Credit: Stock photo | Pixabay

Have you ever seen those movies where the woman riding a bike gets hit by a bus in the end? You suffer through some angsty two-hour love affair between two people who are so wrong for each other that they’re so right, and then at the moment of sweet union, the girl steps out for a loaf of bread only to get creamed by a fast-moving Chevy?

Think “City of Angels” with Meg Ryan, “One Day” with Anne Hathaway or “An Affair to Remember” with Katharine Hepburn. I know, Hepburn’s character isn’t on a bike and she doesn’t die, but she’s wheelchair bound and miserable until Spencer Tracy puts two and two together — close enough.

In the movie of my life, I’m afraid I may be the unfortunate waif who gets hit by oncoming traffic the exact minute I arrive at inner peace. Here’s why.

Recently, while running along my country road on a 12-degree morning, I was nearing the end of a four-mile run — the temperature alone should’ve killed me. Just as I began to cross the blueberry field in front of my house, I heard the rumble of a school bus coming around the bend.

When the pavement began to tremble, I veered onto the shoulder and thought, “This is probably my dramatic death scene.” The sky had lightened to the first baby blue of the morning. The sun greeted me with the promise of a new day. The sight of my house, nestled in the woods, had just come into view.

This would be the most cinematic moment to die.

The newspaper headline would read, “Beloved school teacher, tragically killed by school bus 500 feet from her home in East Jesus.”

Wouldn’t that be so Hollywood? Woman spends her whole life teaching children and focusing on her fitness only to be killed by the bus that picks them up while out for her morning run?

Of course, I survived, but my mind couldn’t let it go. Perhaps because I’ve been ruminating on unforeseen calamities like this my whole life: airplane failure, incurable illness, natural disaster, mosquito bite. You name it, and it’s already killed me.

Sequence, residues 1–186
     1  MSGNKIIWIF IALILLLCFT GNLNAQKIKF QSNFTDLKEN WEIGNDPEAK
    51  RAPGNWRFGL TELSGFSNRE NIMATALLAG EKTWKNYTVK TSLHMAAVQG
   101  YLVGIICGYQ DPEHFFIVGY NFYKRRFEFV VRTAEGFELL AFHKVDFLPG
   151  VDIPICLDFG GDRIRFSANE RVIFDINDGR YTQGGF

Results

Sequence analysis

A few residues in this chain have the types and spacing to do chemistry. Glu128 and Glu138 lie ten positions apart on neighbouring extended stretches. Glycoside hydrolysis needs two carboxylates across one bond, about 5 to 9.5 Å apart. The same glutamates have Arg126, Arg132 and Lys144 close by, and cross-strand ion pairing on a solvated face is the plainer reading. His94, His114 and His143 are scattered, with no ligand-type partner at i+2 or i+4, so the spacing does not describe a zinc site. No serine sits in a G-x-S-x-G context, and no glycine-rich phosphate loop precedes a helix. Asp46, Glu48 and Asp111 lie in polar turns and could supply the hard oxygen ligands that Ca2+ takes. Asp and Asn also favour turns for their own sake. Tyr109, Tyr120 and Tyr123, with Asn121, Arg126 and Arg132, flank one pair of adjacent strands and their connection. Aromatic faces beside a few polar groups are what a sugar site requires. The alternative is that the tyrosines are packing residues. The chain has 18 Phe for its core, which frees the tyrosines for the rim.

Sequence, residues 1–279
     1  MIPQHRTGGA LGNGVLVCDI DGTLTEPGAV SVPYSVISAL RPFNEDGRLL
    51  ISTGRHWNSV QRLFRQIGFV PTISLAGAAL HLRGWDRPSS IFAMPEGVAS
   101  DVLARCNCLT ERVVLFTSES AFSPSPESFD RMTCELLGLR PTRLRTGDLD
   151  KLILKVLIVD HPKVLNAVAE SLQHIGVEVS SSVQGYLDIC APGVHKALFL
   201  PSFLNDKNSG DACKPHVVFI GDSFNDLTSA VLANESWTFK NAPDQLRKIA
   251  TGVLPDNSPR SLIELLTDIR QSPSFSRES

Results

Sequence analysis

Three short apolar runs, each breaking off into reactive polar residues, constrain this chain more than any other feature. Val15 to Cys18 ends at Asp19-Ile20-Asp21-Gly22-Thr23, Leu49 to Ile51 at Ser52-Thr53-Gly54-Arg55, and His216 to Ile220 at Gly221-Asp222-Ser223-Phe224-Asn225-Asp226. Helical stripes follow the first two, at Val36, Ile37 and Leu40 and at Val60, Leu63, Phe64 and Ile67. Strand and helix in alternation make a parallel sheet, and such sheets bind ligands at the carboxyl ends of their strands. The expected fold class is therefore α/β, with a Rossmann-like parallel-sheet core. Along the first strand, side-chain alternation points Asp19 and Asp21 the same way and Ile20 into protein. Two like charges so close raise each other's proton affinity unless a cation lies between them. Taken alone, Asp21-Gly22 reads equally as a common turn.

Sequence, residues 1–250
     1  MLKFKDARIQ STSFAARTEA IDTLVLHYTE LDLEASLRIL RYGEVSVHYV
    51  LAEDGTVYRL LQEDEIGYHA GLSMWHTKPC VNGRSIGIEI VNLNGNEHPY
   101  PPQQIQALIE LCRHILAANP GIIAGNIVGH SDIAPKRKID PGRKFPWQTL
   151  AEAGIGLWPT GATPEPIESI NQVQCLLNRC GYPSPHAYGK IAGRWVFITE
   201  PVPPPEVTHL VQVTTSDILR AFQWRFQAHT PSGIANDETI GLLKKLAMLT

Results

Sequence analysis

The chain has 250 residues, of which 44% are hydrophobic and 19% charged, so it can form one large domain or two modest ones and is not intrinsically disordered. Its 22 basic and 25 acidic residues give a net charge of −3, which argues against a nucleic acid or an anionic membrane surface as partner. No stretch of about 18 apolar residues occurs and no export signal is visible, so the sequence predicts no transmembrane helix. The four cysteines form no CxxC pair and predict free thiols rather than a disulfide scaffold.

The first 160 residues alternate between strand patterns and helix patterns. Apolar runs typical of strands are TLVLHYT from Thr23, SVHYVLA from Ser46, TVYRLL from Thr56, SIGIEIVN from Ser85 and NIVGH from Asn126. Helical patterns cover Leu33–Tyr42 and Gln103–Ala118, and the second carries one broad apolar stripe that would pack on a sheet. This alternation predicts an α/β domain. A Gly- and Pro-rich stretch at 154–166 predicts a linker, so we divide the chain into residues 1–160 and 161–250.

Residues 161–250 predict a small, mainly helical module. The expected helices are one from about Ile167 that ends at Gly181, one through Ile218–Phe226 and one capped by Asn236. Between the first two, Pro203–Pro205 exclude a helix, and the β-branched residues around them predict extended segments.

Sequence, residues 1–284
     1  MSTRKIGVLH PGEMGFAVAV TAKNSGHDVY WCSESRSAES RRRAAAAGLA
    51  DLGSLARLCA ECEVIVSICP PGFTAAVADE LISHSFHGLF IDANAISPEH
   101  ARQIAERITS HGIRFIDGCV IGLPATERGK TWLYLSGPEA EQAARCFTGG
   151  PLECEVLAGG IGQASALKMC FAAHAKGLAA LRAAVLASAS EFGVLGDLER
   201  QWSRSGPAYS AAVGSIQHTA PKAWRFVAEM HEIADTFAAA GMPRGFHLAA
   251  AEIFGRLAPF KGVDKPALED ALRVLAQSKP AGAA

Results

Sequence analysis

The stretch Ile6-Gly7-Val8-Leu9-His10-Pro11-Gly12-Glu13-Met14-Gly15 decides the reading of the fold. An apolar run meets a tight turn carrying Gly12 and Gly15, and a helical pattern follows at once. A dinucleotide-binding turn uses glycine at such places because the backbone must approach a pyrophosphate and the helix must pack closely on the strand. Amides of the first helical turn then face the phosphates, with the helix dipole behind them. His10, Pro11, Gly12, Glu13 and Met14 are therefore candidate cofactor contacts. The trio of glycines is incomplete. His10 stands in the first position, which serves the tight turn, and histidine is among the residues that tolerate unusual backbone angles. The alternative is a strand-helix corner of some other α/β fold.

Honestly, I’m terrified that when my life is at its zenith, death, that old, draggy school bus, will round the corner and mow me down.

What then? I’ll tell you what then. I’ve already planned it.

My husband and children will be devastated. They’ll cling to my writings, maybe even publish that book I wrote, all in their devoted affection for my memory. There will be mourning, celebrating and sadness and then they’ll move on.

They’ll have to — that’s life.

Red will remarry some nurturing, ethereal beauty who will love him back to happiness while simultaneously raising my three besought children, and I hate her already. I’m thankful for her, of course, but who wants to be replaced by some healthy-meal making, blanket-knitting, sports enthusiast?

Not this dead chick.

Lily, I envision her as a Lily, has already published a book or two, and she’s amazing in all the ways I wasn’t. She has an effortless grace, a button nose and no visible signs of aging. She never storms off in a huff, always kisses the kids goodnight and asks about my husband’s day like she’s really, truly listening.

Naturally, I hate Lily with the white hot fury of a thousand desert suns, and I hope she gets run over by the same bus.

But that’s not what this foray into death is all about. I’m attempting to come to terms with my mortality. Why does this matter so much to me?

The simple answer is “Because.” Because it does. I’m not ready for death. I don’t want a quick calamity or a long illness to befall me. When that old deathtrap rattles around the bend, I hope I stayed home that morning.

I hope I was cuddling with Red and making the children breakfast instead of slogging out those miles on the road, worrying about my waistline. I hope the kids were eating waffles and feeding Benny bacon under the table. While the bus rounded the corner, I’d be pouring myself a second cup of coffee and firing up the pellet stove to warm my babies cherubic cheeks.

The movie of my life always ends with me living. Every time, I’d get to be the woman who lives.